Rays and Angels join Yankees with interest in Johnny Damon

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Yankees general manager Brian Cashman downplayed Johnny Damon’s chances of returning to New York and Damon himself indicated that it was an unlikely fit because he’s drawing interest from multiple other teams offering regular playing time.

According to Ken Davidoff of New York Newsday–who had the Yankees’ interest in Damon before everyone else–those other teams are the Rays and Angels.

Top prospect Desmond Jennings is the presumed replacement for Carl Crawford in left field, but the Rays could turn to Damon if they feel Jennings isn’t quite ready or perhaps simply use Damon at designated hitter.

With the Angels he’d likely replace former Yankees teammate Hideki Matsui at DH, although it would depend on whether manager Mike Scioscia thinks Damon or Bobby Abreu is less of a liability defensively.

Twins to retire Joe Mauer’s No. 7

AP Photo/Jim Mone
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Twins senior director of communications Dustin Morse announced that the Twins will honor former C/1B Joe Mauer by retiring his uniform number 7. Mauer announced his retirement from baseball on November 9.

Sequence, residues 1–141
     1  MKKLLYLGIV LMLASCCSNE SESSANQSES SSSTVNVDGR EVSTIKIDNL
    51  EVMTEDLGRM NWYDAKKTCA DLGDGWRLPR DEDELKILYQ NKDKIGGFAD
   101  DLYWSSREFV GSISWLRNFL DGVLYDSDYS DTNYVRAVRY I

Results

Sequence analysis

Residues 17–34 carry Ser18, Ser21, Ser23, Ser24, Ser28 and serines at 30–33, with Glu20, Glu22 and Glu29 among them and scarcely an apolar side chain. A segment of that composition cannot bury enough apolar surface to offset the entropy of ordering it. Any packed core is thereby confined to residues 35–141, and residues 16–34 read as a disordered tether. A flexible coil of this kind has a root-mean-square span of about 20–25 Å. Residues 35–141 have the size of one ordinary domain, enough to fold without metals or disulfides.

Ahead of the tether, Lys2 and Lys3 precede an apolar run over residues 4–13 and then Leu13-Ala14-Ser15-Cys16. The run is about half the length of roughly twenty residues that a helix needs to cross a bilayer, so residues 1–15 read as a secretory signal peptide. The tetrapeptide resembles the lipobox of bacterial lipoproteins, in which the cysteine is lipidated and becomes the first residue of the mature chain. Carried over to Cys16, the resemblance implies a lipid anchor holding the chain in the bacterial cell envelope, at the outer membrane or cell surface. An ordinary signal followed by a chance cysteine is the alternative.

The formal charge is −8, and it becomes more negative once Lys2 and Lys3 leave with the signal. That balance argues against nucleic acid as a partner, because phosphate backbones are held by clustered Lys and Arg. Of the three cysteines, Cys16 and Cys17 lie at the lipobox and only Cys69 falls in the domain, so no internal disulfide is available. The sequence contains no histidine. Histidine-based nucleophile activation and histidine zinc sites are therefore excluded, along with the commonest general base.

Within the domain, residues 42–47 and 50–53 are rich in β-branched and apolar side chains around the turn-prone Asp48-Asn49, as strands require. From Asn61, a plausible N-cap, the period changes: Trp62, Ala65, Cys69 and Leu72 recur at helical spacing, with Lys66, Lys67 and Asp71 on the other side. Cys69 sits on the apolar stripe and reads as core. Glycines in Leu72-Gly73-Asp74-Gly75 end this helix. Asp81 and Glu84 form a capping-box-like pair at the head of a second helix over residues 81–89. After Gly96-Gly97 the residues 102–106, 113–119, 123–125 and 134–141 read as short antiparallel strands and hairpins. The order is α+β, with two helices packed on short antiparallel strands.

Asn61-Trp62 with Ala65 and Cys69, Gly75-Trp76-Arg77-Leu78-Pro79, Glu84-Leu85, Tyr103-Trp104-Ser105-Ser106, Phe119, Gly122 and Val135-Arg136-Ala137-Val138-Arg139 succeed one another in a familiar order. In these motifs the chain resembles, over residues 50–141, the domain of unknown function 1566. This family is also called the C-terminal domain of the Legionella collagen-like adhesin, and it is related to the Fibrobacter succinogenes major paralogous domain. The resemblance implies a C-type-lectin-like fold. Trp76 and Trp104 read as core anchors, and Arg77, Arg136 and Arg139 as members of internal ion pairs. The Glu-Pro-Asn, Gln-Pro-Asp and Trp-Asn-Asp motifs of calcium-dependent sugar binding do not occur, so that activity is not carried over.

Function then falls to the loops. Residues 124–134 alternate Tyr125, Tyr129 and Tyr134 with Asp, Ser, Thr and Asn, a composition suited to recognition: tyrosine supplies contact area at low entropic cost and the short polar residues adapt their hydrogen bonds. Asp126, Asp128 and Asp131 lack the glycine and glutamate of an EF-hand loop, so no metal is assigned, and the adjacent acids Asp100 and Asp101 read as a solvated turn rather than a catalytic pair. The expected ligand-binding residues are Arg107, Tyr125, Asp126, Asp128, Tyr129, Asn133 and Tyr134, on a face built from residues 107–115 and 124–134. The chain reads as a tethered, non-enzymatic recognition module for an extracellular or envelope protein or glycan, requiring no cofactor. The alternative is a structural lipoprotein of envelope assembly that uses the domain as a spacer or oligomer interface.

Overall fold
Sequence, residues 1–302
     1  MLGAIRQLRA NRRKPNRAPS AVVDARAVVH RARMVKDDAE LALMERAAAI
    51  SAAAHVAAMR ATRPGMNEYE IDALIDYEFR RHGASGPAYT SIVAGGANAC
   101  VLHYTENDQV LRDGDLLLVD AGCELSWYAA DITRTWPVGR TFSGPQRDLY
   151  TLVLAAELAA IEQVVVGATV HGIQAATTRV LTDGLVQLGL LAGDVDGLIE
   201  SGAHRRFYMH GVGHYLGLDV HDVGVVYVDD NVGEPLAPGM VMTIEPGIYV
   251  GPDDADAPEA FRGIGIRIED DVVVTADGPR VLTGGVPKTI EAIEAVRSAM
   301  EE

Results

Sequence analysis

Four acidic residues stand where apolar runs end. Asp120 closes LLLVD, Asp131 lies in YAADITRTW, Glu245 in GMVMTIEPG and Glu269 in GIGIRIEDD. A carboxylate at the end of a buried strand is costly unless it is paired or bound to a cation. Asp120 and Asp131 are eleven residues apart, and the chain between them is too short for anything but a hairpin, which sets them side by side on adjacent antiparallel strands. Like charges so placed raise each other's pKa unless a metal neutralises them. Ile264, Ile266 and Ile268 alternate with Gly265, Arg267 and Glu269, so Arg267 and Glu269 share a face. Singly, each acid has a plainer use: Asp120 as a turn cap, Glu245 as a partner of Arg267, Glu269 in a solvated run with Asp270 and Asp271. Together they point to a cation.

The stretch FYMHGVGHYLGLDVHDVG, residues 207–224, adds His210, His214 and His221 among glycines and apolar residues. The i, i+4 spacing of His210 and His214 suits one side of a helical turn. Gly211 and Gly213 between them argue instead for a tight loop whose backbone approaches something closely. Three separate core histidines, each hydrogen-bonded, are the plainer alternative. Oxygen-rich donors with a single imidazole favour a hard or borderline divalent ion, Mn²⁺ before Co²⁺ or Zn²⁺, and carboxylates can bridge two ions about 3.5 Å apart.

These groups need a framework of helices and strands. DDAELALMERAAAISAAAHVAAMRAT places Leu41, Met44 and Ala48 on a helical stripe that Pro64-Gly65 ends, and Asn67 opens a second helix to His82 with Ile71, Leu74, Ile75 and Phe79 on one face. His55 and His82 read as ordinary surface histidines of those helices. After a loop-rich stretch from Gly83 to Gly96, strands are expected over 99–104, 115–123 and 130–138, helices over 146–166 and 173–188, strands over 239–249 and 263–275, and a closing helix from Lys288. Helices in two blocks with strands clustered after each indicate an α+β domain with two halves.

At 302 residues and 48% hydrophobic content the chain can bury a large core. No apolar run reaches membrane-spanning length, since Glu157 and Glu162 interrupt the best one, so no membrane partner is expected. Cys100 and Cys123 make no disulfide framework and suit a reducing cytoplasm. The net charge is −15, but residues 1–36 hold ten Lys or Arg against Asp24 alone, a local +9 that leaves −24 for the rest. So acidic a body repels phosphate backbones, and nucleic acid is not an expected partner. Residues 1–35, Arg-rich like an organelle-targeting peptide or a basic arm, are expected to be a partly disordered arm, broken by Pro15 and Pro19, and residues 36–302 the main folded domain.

Mauer will join Harmon Killebrew (No. 3), Tony Oliva (No. 6), Tom Kelly (No. 10), Kent Hrbek (No. 14), Rod Carew (No. 29), Kirby Pucket (No. 34), and Bert Blyleven (No. 28) as Twins to have their numbers retired.

Mauer, 35, spent 15 seasons in the majors, all with the Twins. He posted a career .306/.388/.439 triple-slash line with 143 home runs and 923 RBI. He won the AL MVP Award in 2009, won the batting title three times, earned three Gold Gloves and five Silver Sluggers, and made the AL All-Star team six times. Sadly, his career was limited due to injuries, including a concussion that caused him to move from catcher to first base.

Five years from now, Mauer will appear on the Hall of Fame ballot. There will certainly be some arguments for and against his candidacy. He retired with 55.1 career Wins Above Replacement, according to Baseball Reference, which definitely puts him in the conversation. But, as always, there’s never a consensus.